There was a one-gable house at the south end of town, which the Rabbs bought in 1867. The reason I feel sure of the date is because that was the year of the yellow fever here. I remember that Betty Rabb had run away and married Charlie Gravis, and that her parents wouldn't speak to her after that. She was at Gravis's when the yellow fever broke out, and Gravis made his wife take the baby and go back to her mother and father for safety; and a reconciliation was effected. It was to that one-gable house that she went. Two more gables have been added, and it has been remodeled a good deal since the Rabbs occupied it. It is located at 801 S. Broadway.
Col. Lovenskiold and family lived close in town. His home on the bluff was just a half block from Broadway at the top of the ravine; it is now the corner of Blucher and N. Carancahua.
At the front of that block, facing on Broadway, is where Kinney is said to have lived. In later years, this location was the home of Hamp Bee.
North of this was the Britton house, and north of that, on the corner of Broadway and Lipan, when my mother came, was a frame house, in which Major Chapman lived, who was connected with the United States Army post here. After the Chapmans, the Cooks lived there. Mrs. Cook died; and soon after, Mr. Cook died, leaving two children, Cora and Jack; these two children were taken by Mr. and Mrs. Richard Power, who lived across the street, where the cathedral is now, and who had no children of their own. Jack ran away and was never heard of again. As a young lady, Cora Cook taught school here just after the Civil War, for a short while. She married Capt. Bennett, of the Union army. Her little boy was named Richard for Judge Power. The Cook property was bought by a man named Daniel Dowd, who sold it to Capt. Mifflin Kenedy.
Capt. Kenedy's big house was built some time in 1885. Mrs. Kenedy lived in it only three weeks, as she died in March, 1885. When the house was torn down not long ago, some people were puzzled by what looked like a tunnel running from the main house to a smaller building in the yard. There was nothing mysterious about it, as it merely led from the house to the room where the acetylene gas was made.
Across the street Judge Dickie Power owned two cottages facing on Broadway, where the cathedral is now; he lived in the corner cottage. Mrs. Bray and daughter, Miss Eliza, roomed at the Power home, where Miss Eliza taught school in one of the front rooms during the Civil War. In this room, also, Catholic services were held, as vandals had done a great deal of damage to the small concrete church building by carrying off materials and breaking up some of the concrete blocks. These services may not have been regular church services; possibly they were rosary. The mantel was used as an altar, having a crucifix in the center with a vase of flowers on each side. Judge Joseph FitzSimmons read the services in Latin, no priest being available at this time. Mrs. Forbes Britton played the melodeon.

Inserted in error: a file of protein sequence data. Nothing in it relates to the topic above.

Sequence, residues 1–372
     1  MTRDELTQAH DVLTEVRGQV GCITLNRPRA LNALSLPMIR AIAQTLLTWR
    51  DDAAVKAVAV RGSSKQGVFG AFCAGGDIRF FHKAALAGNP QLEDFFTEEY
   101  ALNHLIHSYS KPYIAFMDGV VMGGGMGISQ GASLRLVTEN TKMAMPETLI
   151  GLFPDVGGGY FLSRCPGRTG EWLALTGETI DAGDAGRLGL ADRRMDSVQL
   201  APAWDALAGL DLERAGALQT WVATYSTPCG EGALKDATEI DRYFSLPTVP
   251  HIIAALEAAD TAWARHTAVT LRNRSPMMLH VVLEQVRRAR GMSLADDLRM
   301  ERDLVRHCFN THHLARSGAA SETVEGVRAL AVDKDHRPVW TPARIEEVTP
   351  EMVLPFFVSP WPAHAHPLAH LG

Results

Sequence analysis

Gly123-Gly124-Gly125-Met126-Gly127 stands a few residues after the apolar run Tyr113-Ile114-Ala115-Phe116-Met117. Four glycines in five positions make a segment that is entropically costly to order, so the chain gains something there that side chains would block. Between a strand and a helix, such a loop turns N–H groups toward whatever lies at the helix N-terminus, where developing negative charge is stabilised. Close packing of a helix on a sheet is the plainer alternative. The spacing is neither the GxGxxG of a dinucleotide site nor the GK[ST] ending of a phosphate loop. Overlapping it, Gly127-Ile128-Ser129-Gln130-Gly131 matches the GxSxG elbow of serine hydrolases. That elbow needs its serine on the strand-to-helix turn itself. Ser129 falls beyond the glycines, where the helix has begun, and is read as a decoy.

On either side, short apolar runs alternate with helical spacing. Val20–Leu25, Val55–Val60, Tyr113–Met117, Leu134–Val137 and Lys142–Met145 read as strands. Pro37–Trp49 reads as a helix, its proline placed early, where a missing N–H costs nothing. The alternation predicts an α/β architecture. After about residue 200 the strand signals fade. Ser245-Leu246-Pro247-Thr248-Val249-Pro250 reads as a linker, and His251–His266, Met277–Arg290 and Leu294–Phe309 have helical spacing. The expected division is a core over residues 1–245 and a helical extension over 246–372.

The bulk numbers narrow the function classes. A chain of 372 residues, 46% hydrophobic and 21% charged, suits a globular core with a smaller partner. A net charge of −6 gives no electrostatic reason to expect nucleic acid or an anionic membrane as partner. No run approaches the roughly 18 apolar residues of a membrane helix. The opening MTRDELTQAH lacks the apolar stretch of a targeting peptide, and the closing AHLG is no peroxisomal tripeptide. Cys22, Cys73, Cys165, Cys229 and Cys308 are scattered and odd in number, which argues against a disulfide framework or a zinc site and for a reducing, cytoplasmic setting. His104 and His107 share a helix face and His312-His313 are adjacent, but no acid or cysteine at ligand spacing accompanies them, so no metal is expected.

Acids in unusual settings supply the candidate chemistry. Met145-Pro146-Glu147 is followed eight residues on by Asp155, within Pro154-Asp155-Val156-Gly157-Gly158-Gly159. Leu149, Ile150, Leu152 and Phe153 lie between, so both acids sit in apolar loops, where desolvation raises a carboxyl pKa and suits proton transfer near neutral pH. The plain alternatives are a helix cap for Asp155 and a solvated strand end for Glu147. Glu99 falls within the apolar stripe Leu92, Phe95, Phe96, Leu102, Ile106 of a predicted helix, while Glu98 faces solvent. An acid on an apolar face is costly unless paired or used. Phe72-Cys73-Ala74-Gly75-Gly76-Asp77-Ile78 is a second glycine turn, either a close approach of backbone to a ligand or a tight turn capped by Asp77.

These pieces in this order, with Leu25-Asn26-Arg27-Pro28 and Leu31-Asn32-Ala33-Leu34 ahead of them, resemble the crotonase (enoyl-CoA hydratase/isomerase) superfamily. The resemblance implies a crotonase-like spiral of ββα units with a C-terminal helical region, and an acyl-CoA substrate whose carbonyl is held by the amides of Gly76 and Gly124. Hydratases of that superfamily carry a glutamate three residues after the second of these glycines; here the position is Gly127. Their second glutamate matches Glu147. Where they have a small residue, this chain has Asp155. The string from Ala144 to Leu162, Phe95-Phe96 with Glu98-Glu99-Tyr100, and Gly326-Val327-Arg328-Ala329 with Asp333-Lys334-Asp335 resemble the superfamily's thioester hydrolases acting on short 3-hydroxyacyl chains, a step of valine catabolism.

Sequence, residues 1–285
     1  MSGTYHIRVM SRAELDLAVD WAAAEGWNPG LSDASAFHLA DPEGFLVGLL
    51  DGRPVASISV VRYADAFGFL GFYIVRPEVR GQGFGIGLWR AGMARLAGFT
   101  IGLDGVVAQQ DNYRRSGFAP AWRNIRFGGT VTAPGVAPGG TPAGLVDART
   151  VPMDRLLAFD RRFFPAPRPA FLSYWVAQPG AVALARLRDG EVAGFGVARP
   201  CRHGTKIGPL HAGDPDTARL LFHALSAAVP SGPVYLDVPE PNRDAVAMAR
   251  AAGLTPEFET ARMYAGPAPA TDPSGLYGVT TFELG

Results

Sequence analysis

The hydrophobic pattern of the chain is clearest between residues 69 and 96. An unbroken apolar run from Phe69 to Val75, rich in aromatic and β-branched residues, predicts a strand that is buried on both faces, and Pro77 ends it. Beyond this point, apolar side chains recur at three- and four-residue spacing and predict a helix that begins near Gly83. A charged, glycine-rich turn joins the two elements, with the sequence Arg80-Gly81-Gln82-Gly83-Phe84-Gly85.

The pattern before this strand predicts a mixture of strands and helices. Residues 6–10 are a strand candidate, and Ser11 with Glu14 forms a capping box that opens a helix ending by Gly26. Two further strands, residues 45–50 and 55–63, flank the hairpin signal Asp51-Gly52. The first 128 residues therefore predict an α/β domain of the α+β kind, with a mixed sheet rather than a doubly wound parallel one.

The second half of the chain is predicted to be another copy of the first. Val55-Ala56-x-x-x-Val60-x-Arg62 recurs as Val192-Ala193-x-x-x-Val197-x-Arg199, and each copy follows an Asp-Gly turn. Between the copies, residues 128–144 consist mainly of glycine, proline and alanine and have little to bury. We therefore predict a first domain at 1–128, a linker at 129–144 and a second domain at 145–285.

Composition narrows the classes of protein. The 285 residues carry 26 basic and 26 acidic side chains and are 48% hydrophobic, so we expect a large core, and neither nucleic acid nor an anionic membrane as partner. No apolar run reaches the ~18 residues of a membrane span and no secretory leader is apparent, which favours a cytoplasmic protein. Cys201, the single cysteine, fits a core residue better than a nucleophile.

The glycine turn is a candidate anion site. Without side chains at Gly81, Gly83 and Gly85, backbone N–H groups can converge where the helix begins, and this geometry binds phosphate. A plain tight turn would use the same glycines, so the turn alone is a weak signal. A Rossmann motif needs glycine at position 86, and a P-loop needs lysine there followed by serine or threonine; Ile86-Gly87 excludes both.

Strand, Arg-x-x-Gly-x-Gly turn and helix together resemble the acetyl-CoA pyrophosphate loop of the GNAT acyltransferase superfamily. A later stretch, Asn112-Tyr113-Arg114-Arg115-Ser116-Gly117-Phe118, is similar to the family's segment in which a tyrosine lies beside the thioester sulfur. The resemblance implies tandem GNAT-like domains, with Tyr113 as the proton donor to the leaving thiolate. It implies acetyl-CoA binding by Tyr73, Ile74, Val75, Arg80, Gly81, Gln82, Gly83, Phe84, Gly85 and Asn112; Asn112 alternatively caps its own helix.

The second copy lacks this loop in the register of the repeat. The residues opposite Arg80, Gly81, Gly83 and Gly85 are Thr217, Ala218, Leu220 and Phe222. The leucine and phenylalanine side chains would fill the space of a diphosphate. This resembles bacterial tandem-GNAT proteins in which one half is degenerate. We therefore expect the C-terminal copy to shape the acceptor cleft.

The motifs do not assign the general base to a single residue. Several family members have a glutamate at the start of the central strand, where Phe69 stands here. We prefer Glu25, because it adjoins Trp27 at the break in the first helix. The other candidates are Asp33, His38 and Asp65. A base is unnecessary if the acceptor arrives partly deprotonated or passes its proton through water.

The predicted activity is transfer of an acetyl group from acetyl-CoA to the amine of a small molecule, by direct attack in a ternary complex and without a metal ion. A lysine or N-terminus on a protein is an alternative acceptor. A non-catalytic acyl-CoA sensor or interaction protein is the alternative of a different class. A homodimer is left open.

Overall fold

The second cottage was occupied from time to time by various people, including the Wachens, Byingtons, and Dr. Gillette, A Yankee doctor whose daughter, Ada, married Edwin Chamberlain, a brother of Mrs. H. M. King. The Buckleys were living there in 1874; and shortly after that Mrs. John Rabb built a beautiful home on that property.
A little farther north on Broadway was the Mann home, approximately where Congressman Richard Kleberg's home is now. It was two stories in height, and had a cellar. It was all frame, and plastered inside, while the Britton house was made of shell concrete. The Baskins lived with the Manns.
Immediately north of Mann's, and just south of where the first Presbyterian church was built later, was the Redmond cottage, where John Redmond and his first wife, Louisa Baskin, lived.
At the corner of Broadway and Leopard, where the Nixon building is now, was the Fitzgerald home. It was a beautiful, two and half story building, of frame construction, with a brick-lined cellar and nice cormer windows. The interior was lathed and plastered. Later on, the property was owned by the Meulys.
At the corner of Broadway and Antelope, where the new post office is now, the Headens lived, just south of the Hickey house; the Ohlers had lived there earlier.